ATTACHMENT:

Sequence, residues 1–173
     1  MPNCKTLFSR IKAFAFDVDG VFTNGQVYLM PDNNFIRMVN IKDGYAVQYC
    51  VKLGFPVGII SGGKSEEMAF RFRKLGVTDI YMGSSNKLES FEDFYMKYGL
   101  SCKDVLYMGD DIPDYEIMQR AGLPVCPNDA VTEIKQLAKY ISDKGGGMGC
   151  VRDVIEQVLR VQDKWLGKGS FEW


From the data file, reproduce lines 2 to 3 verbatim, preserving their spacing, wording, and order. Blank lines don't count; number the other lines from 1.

     1  MPNCKTLFSR IKAFAFDVDG VFTNGQVYLM PDNNFIRMVN IKDGYAVQYC
    51  VKLGFPVGII SGGKSEEMAF RFRKLGVTDI YMGSSNKLES FEDFYMKYGL